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1820 - Thomas Chapple, Second Mate of the Whaleship Essex
Cast Away
Henderson, Pacific Ocean


[The crew of twenty of the Whaleship Essex sunk by a Whale, arrived in three small boats at the island.]

On the twenty-fouth day after leaving the Essex they saw an island, discovered a few years since, and called Elizabeth's Isle (Henderson Island). It is about eight or nine miles round, low and flat, nearly covered with trees and underwood.
   The shore was rocky and the surf high; the crew were very weak, so that they did not land without considerable difficulty. Their first search was for water; and their joy was great at finding a spring of fresh water among the rocks; they were, however, disappointed on examining the island, as it was almost destitute of the necessaries of life, and no other fresh water could be discovered. These painful feelings were greatly increased the following day, for the sea had flowed over the rocks, and the spring of fresh water could not be seen, and did not again appear. In this extremity they endeavoured to dig wells, but without success; their only resource was a small quantity of water which they found in some holes among the rocks.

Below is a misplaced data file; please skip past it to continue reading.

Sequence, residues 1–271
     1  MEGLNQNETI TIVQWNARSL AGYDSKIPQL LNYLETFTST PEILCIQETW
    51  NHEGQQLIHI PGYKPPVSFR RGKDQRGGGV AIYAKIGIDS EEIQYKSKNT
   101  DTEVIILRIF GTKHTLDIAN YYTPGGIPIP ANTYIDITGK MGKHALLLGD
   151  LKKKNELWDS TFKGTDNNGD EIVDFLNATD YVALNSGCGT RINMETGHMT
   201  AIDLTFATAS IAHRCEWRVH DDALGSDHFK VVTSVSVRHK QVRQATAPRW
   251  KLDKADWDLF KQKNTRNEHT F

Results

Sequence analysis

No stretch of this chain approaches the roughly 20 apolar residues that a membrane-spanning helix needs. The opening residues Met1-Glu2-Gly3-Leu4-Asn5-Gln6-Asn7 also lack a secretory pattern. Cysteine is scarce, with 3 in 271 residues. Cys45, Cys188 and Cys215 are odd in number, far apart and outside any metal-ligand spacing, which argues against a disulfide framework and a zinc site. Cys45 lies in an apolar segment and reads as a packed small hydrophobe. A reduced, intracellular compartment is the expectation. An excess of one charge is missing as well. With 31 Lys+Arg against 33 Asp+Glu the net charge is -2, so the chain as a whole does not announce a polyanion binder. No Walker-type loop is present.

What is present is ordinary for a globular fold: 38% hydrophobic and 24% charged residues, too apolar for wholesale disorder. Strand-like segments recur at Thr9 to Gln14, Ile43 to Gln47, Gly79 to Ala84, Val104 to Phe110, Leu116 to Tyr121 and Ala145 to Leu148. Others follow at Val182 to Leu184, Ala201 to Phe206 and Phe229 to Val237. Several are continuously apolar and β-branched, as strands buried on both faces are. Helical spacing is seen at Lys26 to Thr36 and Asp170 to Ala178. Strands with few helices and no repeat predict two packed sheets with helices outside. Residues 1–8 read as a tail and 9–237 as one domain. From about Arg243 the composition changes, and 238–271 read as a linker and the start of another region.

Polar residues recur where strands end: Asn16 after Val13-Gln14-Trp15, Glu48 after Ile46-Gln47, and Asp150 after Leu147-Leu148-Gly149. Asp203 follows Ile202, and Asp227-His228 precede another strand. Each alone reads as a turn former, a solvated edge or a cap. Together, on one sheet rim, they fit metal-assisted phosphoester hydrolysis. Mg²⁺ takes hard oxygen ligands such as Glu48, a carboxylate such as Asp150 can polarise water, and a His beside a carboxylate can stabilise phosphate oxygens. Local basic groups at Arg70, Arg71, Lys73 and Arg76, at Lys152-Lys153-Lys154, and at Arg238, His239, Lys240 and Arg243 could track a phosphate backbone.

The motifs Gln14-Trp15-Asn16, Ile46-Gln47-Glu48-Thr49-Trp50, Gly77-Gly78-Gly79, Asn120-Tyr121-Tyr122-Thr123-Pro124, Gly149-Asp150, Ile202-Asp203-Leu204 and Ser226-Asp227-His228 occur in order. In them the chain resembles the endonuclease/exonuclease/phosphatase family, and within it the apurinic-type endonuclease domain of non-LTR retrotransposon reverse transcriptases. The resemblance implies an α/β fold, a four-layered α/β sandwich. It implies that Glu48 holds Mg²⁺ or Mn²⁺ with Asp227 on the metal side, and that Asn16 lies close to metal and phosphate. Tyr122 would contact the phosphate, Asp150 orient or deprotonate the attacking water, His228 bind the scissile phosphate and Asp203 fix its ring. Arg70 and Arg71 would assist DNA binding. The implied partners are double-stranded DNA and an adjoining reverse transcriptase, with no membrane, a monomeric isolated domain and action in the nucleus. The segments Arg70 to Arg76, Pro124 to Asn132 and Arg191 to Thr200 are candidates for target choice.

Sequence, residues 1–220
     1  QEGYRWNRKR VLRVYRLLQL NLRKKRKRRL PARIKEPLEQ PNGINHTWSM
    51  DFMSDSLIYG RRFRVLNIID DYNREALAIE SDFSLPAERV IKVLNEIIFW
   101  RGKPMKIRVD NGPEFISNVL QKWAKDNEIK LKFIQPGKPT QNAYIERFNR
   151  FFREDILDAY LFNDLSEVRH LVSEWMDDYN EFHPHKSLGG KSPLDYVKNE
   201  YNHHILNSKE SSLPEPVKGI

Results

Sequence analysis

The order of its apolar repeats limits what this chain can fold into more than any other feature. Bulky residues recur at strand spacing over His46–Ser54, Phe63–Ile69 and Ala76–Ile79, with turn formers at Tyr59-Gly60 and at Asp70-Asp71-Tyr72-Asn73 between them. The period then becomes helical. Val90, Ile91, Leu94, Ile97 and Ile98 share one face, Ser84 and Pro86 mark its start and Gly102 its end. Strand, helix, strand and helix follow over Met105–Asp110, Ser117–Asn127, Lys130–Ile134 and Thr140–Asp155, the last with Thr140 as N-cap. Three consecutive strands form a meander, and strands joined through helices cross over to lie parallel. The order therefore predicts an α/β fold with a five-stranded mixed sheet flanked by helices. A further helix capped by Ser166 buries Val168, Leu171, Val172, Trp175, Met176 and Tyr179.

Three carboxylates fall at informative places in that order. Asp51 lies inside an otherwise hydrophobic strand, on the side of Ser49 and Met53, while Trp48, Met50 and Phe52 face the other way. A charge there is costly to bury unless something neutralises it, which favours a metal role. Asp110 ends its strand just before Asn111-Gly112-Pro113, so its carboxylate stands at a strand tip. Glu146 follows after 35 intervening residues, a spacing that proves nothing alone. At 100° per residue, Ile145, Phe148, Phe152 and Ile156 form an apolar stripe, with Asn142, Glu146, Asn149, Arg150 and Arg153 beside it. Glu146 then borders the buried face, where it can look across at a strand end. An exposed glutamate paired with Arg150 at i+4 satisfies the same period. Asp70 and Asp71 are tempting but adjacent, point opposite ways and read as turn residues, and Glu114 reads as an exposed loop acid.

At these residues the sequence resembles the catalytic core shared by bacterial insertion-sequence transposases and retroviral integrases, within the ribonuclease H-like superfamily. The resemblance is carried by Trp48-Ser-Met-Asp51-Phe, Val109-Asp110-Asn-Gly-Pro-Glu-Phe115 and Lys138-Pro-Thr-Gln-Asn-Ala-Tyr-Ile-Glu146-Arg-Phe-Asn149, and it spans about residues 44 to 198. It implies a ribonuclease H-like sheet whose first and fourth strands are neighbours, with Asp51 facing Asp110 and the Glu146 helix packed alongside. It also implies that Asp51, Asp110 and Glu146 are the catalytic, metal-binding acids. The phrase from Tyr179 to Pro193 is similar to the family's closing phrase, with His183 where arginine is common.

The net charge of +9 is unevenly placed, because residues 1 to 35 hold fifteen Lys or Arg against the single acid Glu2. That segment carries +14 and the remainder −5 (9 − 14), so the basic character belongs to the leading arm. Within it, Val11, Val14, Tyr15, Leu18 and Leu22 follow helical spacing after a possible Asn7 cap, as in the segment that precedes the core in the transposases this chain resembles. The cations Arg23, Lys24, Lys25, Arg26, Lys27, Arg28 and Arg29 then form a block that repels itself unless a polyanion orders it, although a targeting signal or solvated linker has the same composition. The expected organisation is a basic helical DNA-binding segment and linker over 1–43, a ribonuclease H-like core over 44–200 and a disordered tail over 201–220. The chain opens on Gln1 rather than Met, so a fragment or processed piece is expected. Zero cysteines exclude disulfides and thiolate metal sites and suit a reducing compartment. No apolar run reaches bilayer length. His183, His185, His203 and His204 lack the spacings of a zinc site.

For six days they continued to examine the island, when finding their situation desperate, the captain and most of the crew determined to put to sea again. The continent of South America was seventeen hundred miles distant, and in their destitute condition they could scarcely expect to reach land: their hopes were rather directed to the possibility of falling in with some vessel.